California can start enforcing the net neutrality law it enacted over two years ago, a federal judge ruled Tuesday in a loss for internet service providers.
The broadband-industry lobby groups’ motion for a preliminary injunction was denied by Judge John Mendez of US District Court for the Eastern District of California. Mendez did not issue a written order but announced his ruling at a hearing, and his denial of the ISPs’ motion was noted in the docket.
Mendez reportedly was not swayed by the ISPs’ claims that a net neutrality law isn’t necessary because they haven’t been blocking or throttling internet traffic.
“I have heard that argument and I don’t find it persuasive,” Mendez said, according to the Hollywood Reporter. “It’s going to fall on deaf ears. Everyone has been on their best behavior since 2018, waiting for whatever happened in the DC Circuit [court case over the FCC’s repeal of net neutrality]. I don’t place weight on the argument that everything is fine and we don’t need to worry.”
Mendez, who was nominated by President Bush in 2008, also said, “This decision today is a legal decision and shouldn’t be viewed in the political lens. I’m not expressing anything on the soundness of the policy. That might better be resolved by Congress than by federal courts.”
The industry lobby groups’ lawsuit against California will continue, but the state can enforce its law while the case is still pending. California attorney general Xavier Becerra praised the ruling, saying it means that “California can soon begin enforcement of SB 822,” the net neutrality law.
“The ability of an internet service provider to block, slow down, or speed up content based on a user’s ability to pay for service degrades the very idea of a competitive marketplace and the open transfer of information at the core of our increasingly digital and connected world,” Becerra said.
The lawsuit against California was filed by the major broadband-industry lobby groups representing wired and mobile internet providers. Those groups are the American Cable Association, CTIA-The Wireless Association, NCTA-The Internet & Television Association, and USTelecom.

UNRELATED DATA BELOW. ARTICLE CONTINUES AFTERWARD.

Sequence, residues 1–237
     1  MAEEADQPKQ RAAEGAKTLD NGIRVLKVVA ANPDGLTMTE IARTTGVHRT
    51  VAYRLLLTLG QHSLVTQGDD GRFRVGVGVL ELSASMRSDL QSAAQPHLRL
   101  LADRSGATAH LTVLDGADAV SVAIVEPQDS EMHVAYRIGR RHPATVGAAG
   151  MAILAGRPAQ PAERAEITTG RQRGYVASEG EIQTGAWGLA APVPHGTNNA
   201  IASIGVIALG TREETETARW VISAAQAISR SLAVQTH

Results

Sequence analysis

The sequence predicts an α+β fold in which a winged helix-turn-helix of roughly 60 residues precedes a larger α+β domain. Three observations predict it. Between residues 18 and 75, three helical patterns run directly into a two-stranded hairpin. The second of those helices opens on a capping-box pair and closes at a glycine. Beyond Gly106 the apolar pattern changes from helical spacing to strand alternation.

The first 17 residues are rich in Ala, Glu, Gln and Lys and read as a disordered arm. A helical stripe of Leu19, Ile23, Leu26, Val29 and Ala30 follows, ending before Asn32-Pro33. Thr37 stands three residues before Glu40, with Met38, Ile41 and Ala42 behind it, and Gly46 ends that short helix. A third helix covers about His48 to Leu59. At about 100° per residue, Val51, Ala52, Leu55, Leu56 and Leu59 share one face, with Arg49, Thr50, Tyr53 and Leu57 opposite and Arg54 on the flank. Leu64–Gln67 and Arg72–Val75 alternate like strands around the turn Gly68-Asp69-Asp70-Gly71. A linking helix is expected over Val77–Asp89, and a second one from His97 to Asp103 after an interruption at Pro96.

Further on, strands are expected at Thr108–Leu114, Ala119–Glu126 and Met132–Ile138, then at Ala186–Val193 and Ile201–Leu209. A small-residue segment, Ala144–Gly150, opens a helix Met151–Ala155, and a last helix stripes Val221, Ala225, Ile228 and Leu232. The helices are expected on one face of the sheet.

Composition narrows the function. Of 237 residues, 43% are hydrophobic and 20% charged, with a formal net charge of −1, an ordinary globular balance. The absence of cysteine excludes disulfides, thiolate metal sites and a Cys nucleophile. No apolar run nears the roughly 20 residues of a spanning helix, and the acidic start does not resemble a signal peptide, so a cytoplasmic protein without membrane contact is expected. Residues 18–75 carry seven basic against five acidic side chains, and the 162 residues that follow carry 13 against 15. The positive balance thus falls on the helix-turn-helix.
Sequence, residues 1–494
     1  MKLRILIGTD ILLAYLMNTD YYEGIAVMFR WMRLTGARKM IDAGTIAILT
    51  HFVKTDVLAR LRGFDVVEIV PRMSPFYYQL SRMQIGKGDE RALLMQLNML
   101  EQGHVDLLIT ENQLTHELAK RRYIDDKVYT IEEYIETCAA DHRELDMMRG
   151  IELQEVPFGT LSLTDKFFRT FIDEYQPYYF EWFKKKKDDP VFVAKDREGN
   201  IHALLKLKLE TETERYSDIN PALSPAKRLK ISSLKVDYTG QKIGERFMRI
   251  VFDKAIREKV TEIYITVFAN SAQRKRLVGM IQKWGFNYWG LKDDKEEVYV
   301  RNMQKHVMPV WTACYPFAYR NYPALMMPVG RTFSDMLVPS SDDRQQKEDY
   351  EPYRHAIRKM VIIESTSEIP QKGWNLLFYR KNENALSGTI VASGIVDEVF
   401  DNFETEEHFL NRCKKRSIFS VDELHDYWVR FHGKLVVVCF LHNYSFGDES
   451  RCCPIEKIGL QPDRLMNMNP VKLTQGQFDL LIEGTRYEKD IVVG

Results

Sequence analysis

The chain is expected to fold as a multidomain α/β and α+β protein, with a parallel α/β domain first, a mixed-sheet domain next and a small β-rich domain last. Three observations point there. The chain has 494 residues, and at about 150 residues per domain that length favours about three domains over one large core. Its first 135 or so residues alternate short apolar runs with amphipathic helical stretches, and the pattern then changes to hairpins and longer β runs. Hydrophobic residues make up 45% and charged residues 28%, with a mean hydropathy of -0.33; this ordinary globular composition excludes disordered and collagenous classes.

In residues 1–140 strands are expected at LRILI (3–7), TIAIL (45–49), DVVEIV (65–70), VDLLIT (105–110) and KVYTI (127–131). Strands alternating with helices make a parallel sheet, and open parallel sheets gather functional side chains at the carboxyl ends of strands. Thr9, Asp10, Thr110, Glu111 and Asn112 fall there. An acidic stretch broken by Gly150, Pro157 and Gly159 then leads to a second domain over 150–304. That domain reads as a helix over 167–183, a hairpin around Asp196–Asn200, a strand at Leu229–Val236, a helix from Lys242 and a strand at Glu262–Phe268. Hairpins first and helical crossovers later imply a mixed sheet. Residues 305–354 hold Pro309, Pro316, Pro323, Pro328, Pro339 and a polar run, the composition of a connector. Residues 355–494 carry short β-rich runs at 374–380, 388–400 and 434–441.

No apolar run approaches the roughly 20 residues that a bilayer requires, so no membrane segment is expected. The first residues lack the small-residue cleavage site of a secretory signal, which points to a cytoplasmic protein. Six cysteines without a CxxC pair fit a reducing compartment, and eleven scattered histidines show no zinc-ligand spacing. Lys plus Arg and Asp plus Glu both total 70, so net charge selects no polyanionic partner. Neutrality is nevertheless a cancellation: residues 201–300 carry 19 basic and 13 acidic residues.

“Today’s federal court ruling allowing California to enforce our net neutrality law is a huge victory for open access to the internet, our democracy, and our economy,” said state senator Scott Wiener (D–San Francisco), who introduced California’s net neutrality legislation. “The internet is at the heart of modern life. We all should be able to decide for ourselves where we go on the internet and how we access information. We cannot allow big corporations to make those decisions for us.”
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California’s net neutrality law was also challenged by the Trump administration’s Department of Justice. President Biden’s DOJ voluntarily dropped the lawsuit, leaving the broadband-industry case as the remaining legal obstacle for California.
When the industry and DOJ filed their lawsuits in 2018, California agreed to suspend enforcement of the state law until the end of litigation over actions against net neutrality regulation from then-Federal Communications Commission chair Ajit Pai. Pai’s repeal of FCC net neutrality rules was subsequently upheld, but he lost his attempt to preempt all state laws.
Despite the FCC’s loss on preemption, the Trump administration and broadband industry resumed their fight against California, claiming the state law couldn’t be enforced, because the FCC has “exclusive responsibility” for regulating interstate communications, and “internet communications are inherently interstate.” After the Biden administration dropped the US lawsuit against California, the state said that “the United States’ voluntary dismissal of its lawsuit underscores Defendant’s arguments that SB 822 is not preempted.”
The California law prohibits internet service providers from blocking or throttling lawful traffic. It also prohibits requiring fees from websites or online services to deliver or prioritize their traffic to consumers, bans paid data cap exemptions (so-called “zero-rating”), and says that ISPs may not attempt to evade net neutrality protections by slowing down traffic at network interconnection points.
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